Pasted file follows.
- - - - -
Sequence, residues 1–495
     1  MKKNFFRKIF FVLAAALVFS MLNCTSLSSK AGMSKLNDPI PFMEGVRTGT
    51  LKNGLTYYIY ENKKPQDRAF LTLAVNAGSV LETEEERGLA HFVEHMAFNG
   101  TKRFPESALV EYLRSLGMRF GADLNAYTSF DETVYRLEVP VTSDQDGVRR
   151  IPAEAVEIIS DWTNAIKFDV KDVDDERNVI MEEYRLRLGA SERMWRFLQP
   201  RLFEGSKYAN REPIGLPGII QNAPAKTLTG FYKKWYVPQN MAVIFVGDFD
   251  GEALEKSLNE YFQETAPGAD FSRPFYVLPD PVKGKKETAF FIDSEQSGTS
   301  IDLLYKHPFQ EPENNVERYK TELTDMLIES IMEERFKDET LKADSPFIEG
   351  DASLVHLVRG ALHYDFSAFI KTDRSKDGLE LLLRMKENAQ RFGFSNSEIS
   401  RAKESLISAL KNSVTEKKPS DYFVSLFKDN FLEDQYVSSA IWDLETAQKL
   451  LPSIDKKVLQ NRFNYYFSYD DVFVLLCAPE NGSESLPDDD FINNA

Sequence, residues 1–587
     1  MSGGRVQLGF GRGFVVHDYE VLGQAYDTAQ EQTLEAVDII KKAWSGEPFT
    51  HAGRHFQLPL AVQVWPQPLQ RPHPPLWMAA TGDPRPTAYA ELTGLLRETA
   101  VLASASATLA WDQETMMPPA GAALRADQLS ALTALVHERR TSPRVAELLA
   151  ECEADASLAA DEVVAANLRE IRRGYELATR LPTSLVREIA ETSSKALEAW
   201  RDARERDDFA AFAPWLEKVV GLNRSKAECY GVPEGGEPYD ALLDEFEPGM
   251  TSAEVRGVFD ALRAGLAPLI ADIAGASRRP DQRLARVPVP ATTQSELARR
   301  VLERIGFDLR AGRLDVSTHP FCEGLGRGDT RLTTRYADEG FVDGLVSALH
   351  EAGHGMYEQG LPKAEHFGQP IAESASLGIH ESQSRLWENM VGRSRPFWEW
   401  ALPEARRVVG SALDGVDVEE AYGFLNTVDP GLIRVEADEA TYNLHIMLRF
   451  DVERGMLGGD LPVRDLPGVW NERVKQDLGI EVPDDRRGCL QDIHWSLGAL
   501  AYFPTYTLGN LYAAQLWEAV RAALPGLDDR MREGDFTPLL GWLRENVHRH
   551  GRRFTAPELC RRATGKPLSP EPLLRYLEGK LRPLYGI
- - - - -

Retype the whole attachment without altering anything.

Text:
Sequence, residues 1–495
     1  MKKNFFRKIF FVLAAALVFS MLNCTSLSSK AGMSKLNDPI PFMEGVRTGT
    51  LKNGLTYYIY ENKKPQDRAF LTLAVNAGSV LETEEERGLA HFVEHMAFNG
   101  TKRFPESALV EYLRSLGMRF GADLNAYTSF DETVYRLEVP VTSDQDGVRR
   151  IPAEAVEIIS DWTNAIKFDV KDVDDERNVI MEEYRLRLGA SERMWRFLQP
   201  RLFEGSKYAN REPIGLPGII QNAPAKTLTG FYKKWYVPQN MAVIFVGDFD
   251  GEALEKSLNE YFQETAPGAD FSRPFYVLPD PVKGKKETAF FIDSEQSGTS
   301  IDLLYKHPFQ EPENNVERYK TELTDMLIES IMEERFKDET LKADSPFIEG
   351  DASLVHLVRG ALHYDFSAFI KTDRSKDGLE LLLRMKENAQ RFGFSNSEIS
   401  RAKESLISAL KNSVTEKKPS DYFVSLFKDN FLEDQYVSSA IWDLETAQKL
   451  LPSIDKKVLQ NRFNYYFSYD DVFVLLCAPE NGSESLPDDD FINNA

Sequence, residues 1–587
     1  MSGGRVQLGF GRGFVVHDYE VLGQAYDTAQ EQTLEAVDII KKAWSGEPFT
    51  HAGRHFQLPL AVQVWPQPLQ RPHPPLWMAA TGDPRPTAYA ELTGLLRETA
   101  VLASASATLA WDQETMMPPA GAALRADQLS ALTALVHERR TSPRVAELLA
   151  ECEADASLAA DEVVAANLRE IRRGYELATR LPTSLVREIA ETSSKALEAW
   201  RDARERDDFA AFAPWLEKVV GLNRSKAECY GVPEGGEPYD ALLDEFEPGM
   251  TSAEVRGVFD ALRAGLAPLI ADIAGASRRP DQRLARVPVP ATTQSELARR
   301  VLERIGFDLR AGRLDVSTHP FCEGLGRGDT RLTTRYADEG FVDGLVSALH
   351  EAGHGMYEQG LPKAEHFGQP IAESASLGIH ESQSRLWENM VGRSRPFWEW
   401  ALPEARRVVG SALDGVDVEE AYGFLNTVDP GLIRVEADEA TYNLHIMLRF
   451  DVERGMLGGD LPVRDLPGVW NERVKQDLGI EVPDDRRGCL QDIHWSLGAL
   501  AYFPTYTLGN LYAAQLWEAV RAALPGLDDR MREGDFTPLL GWLRENVHRH
   551  GRRFTAPELC RRATGKPLSP EPLLRYLEGK LRPLYGI